The Hissing Of Summer Lawns

Joni Mitchell’s atmospheric song is almost a mini-novel, with a subtle feminist kick.

by John Sieger
June 1, 2018

I pay a neighbor who is developmentally disabled to mow our lawn. This doesn't make me a saint, but does allow me to skip one of my least favorite chores, while reaping the rewards of a tidy yard and fewer concerned looks from the neighbors. It's also is an opportunity to bathe in the aroma of new cut grass, everyone's favorite perfume. He's out there now and the drone of that single stroke ozone destroyer is like bad rock and roll. Ah, summer!

The hypnotic drone of his self-propelled Toro brings to mind a much more pleasant sound: Joni Mitchell, and one of her many masterpieces, "The Hissing Of Summer Lawns." The video that accompanies the song, an out-of-focus survey of a summer yard, is a treat for the eyes. If this doesn't evoke pleasant memories of long summer days, check your pulse.

I've often thought Joni would have made a good novelist. She paints a good picture, literally and figuratively, hinting at layers of emotional disquietude others can't even begin to imagine. In this track, which wouldn't sound out of place on a Steely Dan record (I'm sure they shared some of the same session players), she goes beyond the weary cynicism of that great band and explores a different kind of resignation. This could be the theme song for some West Coast Melania Trump, bought, paid for and locked up in the kind of luxurious prison many imagine, but few attain.

He bought her a diamond for her throat
He put her in a ranch house on a hill
She could see the valley barbecues
From her window sill
See the blue pools in the squinting sun
Hear the hissing of summer lawns

He put up a barbed wire fence
To keep out the unknown
And on every metal thorn
Just a little blood of his own
She patrols that fence of his
To a latin drum
And the hissing of summer lawns
Wonder makes it easy
With a joyful mask
Tube's gone darkness darkness darkness
No color no contrast

A diamond dog
Carrying a cup and a cane
Looking through a double glass
Looking at too much pride and too much shame
There's a black fly buzzing
There's a heat wave burning in her master's voice
The hissing of summer lawns

He gave her his darkness to regret
And good reason to quit him
He gave her a roomful of Chippendale
That nobody sits in
Still she stays with a love of some kind
It's the lady's choice
The hissing of summer lawns

© John Guerin/Joni Mitchell

"Blue pools in the squinting sun," how well written is that? And she rolls them out, one memorable line after another, as if there is an endless supply somewhere only she knows of. The kick in the gut comes in the last verse, right where it should be and it says it all: "A room full of Chippendale that nobody sits in" and complete surrender to a life of security and unhappiness. "It's the lady's choice," is another great compact expression of the illusion of free will. If anyone has expressed this kind of exhaustion and ennui before, I missed it, but I'm sure they didn't do it with this keen an eye... or ear.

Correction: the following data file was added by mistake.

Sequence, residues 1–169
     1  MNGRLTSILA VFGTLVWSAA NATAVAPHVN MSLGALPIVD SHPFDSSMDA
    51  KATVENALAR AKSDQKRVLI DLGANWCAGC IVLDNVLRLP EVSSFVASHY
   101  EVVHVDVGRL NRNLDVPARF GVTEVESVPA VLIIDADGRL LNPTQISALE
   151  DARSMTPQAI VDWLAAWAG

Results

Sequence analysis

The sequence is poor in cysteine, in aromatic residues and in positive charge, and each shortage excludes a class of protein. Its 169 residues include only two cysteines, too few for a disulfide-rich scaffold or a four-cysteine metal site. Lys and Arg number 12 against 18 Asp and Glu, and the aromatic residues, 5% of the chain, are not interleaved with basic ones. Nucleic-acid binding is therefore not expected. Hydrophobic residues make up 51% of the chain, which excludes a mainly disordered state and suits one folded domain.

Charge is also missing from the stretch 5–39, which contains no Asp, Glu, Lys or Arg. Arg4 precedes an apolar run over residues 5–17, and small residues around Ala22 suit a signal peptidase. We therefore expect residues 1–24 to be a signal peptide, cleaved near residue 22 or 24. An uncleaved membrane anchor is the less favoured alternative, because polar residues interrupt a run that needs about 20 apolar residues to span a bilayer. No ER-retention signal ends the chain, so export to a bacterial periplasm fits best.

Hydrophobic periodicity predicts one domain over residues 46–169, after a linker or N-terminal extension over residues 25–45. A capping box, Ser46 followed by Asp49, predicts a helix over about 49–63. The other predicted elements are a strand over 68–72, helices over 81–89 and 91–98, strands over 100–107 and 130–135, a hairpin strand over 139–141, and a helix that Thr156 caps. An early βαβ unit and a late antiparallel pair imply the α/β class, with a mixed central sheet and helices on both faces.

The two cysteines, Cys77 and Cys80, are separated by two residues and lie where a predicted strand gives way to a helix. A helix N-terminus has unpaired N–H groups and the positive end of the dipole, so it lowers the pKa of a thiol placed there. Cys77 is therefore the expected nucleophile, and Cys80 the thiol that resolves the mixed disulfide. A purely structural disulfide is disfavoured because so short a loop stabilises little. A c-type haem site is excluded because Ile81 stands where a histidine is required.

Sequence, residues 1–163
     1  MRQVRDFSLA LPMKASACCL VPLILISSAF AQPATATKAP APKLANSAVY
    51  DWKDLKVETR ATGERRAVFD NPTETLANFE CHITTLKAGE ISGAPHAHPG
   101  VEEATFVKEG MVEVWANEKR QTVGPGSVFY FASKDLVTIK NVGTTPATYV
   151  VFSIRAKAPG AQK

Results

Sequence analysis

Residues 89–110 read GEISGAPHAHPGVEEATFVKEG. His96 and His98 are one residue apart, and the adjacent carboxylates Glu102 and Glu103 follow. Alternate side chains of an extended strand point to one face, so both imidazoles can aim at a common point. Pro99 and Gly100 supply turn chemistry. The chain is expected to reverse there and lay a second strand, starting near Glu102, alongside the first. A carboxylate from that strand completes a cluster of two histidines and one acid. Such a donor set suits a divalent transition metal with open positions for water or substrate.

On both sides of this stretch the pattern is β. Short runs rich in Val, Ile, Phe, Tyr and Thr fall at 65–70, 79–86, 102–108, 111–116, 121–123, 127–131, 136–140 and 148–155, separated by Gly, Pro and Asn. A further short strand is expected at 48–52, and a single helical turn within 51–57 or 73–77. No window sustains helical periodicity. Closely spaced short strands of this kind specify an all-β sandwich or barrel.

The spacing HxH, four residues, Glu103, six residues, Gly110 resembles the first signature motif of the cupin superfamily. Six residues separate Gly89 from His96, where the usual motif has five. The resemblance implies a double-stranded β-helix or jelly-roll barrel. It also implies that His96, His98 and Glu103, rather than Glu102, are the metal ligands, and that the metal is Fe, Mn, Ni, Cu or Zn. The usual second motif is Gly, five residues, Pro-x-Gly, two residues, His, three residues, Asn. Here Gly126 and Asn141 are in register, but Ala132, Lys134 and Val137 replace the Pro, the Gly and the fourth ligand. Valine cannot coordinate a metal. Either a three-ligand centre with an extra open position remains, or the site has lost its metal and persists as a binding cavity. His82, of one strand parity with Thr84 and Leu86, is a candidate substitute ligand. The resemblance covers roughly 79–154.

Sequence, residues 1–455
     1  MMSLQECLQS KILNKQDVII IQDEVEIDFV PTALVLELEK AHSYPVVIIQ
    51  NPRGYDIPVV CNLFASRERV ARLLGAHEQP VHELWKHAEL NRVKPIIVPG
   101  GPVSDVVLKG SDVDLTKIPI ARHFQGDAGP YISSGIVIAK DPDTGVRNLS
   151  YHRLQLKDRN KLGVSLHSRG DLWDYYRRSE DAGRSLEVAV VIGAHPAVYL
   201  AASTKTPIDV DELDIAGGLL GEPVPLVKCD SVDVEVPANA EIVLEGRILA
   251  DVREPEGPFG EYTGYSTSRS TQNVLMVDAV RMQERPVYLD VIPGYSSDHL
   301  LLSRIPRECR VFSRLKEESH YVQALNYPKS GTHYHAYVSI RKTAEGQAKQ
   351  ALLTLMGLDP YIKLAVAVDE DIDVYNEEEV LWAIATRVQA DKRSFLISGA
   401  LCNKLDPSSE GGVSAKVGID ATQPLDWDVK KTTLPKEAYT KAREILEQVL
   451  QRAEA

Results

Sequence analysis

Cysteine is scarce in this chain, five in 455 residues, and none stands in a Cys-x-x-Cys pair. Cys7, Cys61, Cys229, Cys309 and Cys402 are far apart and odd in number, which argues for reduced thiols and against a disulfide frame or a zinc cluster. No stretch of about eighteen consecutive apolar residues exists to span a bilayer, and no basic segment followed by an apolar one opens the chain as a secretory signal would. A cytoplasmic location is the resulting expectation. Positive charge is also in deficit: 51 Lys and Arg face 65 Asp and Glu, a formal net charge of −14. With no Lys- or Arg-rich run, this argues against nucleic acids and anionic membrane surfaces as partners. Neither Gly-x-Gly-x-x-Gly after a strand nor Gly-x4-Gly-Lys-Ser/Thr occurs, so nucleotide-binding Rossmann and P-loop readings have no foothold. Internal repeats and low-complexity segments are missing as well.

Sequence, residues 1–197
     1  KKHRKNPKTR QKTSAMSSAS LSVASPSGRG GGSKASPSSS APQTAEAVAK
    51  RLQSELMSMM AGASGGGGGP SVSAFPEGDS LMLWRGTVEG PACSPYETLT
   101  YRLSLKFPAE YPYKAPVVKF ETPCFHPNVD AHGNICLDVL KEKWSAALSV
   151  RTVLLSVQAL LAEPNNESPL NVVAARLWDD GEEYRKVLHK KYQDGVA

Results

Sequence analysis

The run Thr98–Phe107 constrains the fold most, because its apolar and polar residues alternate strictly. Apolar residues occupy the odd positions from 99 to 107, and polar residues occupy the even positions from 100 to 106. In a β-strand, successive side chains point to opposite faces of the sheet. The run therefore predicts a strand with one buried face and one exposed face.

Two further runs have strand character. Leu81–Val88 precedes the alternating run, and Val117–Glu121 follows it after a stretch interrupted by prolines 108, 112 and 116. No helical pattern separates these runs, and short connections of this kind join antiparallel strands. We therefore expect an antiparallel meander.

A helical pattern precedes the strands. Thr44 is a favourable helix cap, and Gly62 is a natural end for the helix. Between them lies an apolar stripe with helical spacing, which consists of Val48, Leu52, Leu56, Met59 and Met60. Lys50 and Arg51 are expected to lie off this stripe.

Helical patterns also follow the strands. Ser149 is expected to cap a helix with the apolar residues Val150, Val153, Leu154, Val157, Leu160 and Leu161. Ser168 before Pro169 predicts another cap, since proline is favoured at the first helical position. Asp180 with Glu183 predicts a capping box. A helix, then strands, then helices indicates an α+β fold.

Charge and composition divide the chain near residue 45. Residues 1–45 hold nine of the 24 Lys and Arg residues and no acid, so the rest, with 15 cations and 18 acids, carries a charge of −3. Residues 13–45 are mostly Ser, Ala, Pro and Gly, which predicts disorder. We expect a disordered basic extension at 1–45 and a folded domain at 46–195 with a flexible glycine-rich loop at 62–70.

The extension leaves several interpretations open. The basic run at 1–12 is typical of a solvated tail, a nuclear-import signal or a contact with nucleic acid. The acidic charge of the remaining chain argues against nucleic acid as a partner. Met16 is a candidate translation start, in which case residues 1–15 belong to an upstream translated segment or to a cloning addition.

The song was co-written with drummer/producer John Guerin. That makes it a rarity, but I wouldn't have guessed someone else helped until I read the credits. That's a compliment to both of them. Joni Mitchell has written many kinds of songs in all kinds of different styles, but somehow they remain of a piece. Each and every one bears her unmistakable imprint, even if you can't quite say just what that is. One thing always on display is her keen intelligence. Sometimes you catch it in her sly humor, other times in the more literary voice she uses so often. Her kind of seriousness is hard to get right. Compared to her, many artists seem aspirational, looking to be or impress someone. Others fall into the trap of sounding important and then believing they really are. Ms Mitchell avoids that by keeping her eye on the prize, the story itself, and just being herself. She manages to sound completely comfortable in her own skin as she describes a life that maybe wasn't always so. Something tells me her escape hatch leads inward, a place where the terrible can become beautiful.

It's funny how we want to champion the ones who have already won it all. No has ever said Joni Mitchell is anything but one of the all time greats. One reason is that songs describing the woman's point of view so clearly and sympathetically, in a way the average thick-headed man can relate to, are rare. That's the power of her work: it's an expression of feminism that is easily accessible to women and men alike. Where is Joni Mitchell in the pantheon of songwriters? On any given day, she's at the top - on the first hot days of summer, there's really no competition.

Printed from the official Joni Mitchell website. Permanent link:

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